1. No worries, no offense taken. Though I did want to say “read less” 🙂

                I do take breaks, you know . .

              1. and never forget the wonderful googleplex. Saying there is no privacy any more never wins you friends, but it’s oh so close to reality. . . How I Learned To Stop Worrying And Love The Bomb!

  10. A little sneer to Frijns there! He apparently didn’t read his contract and complained this week about the fact that he gets almost no driving.

  11. I’m thinking that, with those side dams, the stepped nose might finally have some measurable aerodynamic effect.

  12. Looks good – but it wouldn’t be hard to look better than last year’s Sauber – probably the ugliest car from the 2012 grid with an ugly shape and ugly paint job.

    Does anyone know – what is the process for getting a paint job on an F1 car? Do they go to designer or sponsors first? Do the sponsor’s design it themselves?
    I’d love to see a behind the scenes of how many iterations they go through to keep every sponsor happy.

  13. really low resolution files, must note. And some of these launches look like renders, not physical cars. Lotus on my suspect list. Can anyone please launch a car looking normal out front a garage with some happy looking engineering folk, or is that not allowed? I do like things t be pretty, but I’m not wowed by shiny shiny. Suddenly I find the McLaren and Lotus “launches” symbolic of being too much and uncool. I should not speak, testing will start and we’ll see a bit more, but actually, despite I love the grey scheme Sauber use, it’s all saccharine, and I have the most stinging feeling that it’s gone more wrong this year, all shiny suits hoping to impress at the prom . . relative to any other glistening new launches, of course,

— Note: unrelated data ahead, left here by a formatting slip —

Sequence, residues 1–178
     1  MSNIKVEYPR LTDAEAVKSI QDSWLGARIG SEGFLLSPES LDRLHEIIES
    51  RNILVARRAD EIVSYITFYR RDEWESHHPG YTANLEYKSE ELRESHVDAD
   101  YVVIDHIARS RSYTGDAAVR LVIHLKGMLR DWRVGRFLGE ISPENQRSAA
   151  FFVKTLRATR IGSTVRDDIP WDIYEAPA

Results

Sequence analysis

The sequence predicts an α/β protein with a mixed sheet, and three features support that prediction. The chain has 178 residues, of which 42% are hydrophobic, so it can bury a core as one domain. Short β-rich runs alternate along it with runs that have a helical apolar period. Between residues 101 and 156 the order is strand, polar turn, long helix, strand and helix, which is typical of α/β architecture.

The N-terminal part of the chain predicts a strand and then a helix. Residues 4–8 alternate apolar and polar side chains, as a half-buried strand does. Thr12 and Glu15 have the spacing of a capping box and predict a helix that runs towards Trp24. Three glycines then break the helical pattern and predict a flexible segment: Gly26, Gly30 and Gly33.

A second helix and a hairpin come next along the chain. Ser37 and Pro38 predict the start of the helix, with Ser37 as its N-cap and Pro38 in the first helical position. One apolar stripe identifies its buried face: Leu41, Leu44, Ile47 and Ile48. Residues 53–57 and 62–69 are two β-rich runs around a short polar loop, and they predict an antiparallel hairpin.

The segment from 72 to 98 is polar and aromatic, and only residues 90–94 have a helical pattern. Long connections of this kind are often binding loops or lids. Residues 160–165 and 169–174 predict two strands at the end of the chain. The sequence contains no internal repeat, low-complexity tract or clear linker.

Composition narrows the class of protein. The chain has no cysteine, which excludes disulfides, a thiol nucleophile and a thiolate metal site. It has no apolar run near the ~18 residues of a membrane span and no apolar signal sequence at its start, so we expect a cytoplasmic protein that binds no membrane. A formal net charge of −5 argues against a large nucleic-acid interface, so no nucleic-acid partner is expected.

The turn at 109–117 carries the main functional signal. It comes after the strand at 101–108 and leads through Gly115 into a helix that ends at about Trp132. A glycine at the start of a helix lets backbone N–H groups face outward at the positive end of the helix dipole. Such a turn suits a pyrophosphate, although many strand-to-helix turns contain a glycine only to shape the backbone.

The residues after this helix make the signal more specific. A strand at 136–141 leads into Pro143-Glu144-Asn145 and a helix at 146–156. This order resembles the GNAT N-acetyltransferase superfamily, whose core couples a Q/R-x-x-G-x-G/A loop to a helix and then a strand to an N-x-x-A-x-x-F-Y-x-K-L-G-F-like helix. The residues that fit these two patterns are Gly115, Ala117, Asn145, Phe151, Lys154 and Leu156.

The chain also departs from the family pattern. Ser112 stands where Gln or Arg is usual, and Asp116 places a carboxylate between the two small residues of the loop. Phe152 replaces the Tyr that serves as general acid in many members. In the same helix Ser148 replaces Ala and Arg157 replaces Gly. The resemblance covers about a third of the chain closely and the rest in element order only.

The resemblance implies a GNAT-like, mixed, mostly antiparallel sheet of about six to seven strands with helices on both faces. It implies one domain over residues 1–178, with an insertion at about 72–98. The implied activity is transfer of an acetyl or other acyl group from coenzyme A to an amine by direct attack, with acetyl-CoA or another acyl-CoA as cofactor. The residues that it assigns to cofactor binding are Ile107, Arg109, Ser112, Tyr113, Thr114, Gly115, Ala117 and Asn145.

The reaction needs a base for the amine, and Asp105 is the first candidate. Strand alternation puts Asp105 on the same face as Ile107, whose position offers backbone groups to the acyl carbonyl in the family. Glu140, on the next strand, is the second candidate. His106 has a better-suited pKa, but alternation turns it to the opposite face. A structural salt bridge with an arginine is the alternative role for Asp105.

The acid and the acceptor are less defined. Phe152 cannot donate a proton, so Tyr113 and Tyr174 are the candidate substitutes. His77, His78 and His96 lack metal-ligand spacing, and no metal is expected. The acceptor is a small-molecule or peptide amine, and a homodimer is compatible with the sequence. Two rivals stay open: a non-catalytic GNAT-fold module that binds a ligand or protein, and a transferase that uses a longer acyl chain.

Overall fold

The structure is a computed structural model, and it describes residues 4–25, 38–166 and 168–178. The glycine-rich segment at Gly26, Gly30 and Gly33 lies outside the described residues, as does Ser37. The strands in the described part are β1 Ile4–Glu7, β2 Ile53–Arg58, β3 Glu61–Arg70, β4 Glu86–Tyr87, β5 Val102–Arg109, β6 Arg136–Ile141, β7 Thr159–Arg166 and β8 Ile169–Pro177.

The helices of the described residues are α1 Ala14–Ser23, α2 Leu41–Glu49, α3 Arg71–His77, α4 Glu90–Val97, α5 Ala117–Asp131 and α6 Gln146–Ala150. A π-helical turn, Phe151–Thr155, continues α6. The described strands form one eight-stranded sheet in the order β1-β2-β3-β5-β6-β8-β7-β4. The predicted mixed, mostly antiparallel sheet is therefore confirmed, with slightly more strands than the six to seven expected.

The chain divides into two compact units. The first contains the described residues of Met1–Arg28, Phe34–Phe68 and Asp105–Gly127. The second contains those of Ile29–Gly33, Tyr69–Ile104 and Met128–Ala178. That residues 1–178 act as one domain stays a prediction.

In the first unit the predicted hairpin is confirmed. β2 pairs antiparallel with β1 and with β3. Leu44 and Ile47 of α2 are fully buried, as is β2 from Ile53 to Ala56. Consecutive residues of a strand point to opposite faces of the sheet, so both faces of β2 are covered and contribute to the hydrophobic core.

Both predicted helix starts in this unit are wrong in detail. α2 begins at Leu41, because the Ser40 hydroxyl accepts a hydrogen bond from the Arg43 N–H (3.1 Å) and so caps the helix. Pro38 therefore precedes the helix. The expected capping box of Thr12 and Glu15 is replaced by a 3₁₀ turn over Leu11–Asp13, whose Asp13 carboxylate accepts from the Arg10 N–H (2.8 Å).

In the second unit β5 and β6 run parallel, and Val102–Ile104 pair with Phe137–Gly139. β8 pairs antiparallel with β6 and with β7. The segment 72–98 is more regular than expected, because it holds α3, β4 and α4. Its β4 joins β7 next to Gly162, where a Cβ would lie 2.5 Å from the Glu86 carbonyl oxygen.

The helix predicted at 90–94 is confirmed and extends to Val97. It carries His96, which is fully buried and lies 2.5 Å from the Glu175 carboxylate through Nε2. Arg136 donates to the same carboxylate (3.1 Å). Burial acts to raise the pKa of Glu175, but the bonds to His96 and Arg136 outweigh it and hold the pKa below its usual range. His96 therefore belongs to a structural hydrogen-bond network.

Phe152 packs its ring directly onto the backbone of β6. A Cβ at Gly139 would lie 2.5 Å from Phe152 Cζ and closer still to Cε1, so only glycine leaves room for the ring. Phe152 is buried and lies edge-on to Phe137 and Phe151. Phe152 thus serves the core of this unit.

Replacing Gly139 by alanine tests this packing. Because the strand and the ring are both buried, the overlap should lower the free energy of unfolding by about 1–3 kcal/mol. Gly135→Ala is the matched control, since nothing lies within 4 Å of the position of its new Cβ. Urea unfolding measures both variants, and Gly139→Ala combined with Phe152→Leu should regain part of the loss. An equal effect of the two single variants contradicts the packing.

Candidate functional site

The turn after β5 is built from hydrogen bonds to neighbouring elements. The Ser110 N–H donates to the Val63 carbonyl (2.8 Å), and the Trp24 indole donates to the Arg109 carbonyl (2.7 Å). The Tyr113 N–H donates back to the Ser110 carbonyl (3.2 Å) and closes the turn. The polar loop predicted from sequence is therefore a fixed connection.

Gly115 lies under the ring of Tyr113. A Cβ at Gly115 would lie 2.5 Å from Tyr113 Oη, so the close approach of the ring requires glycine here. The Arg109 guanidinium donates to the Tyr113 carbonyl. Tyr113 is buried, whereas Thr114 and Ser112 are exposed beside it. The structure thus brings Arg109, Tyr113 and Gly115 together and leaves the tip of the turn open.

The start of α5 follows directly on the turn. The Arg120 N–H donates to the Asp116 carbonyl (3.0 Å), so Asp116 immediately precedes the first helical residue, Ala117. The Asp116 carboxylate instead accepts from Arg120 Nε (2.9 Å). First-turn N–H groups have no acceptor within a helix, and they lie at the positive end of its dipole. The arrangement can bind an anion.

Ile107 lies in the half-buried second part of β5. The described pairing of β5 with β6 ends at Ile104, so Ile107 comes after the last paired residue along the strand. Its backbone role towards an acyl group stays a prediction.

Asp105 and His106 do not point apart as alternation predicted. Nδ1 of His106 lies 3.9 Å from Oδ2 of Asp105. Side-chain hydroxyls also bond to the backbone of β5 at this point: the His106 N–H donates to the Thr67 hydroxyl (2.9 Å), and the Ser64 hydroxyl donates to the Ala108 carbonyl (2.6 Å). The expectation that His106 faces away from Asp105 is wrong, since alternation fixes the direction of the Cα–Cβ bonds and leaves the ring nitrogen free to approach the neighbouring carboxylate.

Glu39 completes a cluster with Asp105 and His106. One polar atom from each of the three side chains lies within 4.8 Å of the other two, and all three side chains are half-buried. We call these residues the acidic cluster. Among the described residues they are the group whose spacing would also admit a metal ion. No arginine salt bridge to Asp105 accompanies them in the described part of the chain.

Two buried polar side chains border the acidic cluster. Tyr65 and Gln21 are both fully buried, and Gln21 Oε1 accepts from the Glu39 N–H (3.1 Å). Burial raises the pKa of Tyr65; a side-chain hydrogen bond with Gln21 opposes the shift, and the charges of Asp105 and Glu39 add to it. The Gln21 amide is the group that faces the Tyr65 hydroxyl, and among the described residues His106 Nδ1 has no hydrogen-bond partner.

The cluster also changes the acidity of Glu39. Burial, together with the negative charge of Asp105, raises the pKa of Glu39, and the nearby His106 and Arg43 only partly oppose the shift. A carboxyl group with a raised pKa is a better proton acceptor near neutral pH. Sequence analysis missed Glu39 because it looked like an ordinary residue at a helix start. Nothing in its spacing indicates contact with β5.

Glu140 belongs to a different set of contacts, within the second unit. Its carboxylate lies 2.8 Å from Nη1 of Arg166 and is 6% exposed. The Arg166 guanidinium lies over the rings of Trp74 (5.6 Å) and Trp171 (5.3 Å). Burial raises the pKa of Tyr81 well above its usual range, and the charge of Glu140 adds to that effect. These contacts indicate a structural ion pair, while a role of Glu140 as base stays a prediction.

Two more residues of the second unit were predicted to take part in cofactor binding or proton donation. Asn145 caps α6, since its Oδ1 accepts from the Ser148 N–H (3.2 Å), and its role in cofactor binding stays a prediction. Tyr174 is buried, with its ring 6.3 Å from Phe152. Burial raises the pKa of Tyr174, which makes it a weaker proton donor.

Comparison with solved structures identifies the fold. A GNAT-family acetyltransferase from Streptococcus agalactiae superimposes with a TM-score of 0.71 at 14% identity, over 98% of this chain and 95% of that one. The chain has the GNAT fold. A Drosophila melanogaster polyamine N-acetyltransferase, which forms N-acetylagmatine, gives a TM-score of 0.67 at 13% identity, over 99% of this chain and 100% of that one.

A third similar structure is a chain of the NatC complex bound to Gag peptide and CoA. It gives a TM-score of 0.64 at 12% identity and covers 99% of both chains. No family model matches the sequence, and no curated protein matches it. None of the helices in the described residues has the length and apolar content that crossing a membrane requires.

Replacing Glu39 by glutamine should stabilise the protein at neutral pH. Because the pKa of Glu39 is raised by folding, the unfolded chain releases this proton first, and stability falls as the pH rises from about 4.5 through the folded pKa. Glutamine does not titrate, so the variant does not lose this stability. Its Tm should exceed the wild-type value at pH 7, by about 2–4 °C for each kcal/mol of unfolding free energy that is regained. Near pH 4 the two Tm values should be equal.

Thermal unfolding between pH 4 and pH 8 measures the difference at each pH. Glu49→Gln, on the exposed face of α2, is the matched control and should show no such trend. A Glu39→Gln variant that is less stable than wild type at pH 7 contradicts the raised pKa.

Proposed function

1. If you want realism/truth/practicality – why do they even need a launch at all?

      Just roll it our of the track at testing and do some laps – no fanfare needed

    2. Bearing in mind the launches we’ve seen in the past eg ‘Flavio’s’ Benetton in St Marks Square, Venice, they are pretty tame (lame?) affairs – thank goodness probably. I’m for simple, at the track stuff unless there’s something really exceptional to look at, which won’t happen anyway – unless someone’s drop a ‘proverbial’!

        1. Pity, really. Corporate control is often silly. A million bright artists might pitch in for free or expenses if they had a chance. Harvesting that was not a small part of Benetton’s game plan (business, not F1) IMO.

  14. Let’s see if the car can be maintain a proper level of cooling while running on track. I do happen to remember a certain car called MP4-18…

  15. Plain have to say it, this car simply draws me in. The dark shades will keep it from looking spattered end of race. Under track lights at S’pore it will be almost Batmobile, unlike others there’s no overdoing it with the red or crazy colors. Most of all, it’s the strongest livery change, a simple inverse, and suddenly the sponsor logos look so well balanced, authoritative. I’d do unmentionable things to have my logo on the back of this.

    Joe, if you ever get a chance, can you not arm twist one of the car livery designers (ideally the entire design team, and let them rip, design speak is always very personal, never laconic) to interview for GP+? I’d not make that so exclusive, though. At least do a excerpt on the blog.The interest from design blogs and readers out there would be unbelievable. (just untold numbers from pencil artists to architectural simulation people, vast vast audience, who would appreciate it even if not racing fans, talkative lot, naturally) Every designer wants to do a big name logo, but it’s not a huge step down setting a logo in context amid this much publicity.

    Whilst I’m gushing, whatever Monisha is doing looks to me to be the best joined up team management out there. Here’s hoping Peter S finally comes to the pointy end of the field.

Leave a Reply

Fill in your details below or click an icon to log in: Logo

You are commenting using your account. Log Out /  Change )

Twitter picture

You are commenting using your Twitter account. Log Out /  Change )

Facebook photo

You are commenting using your Facebook account. Log Out /  Change )

Connecting to %s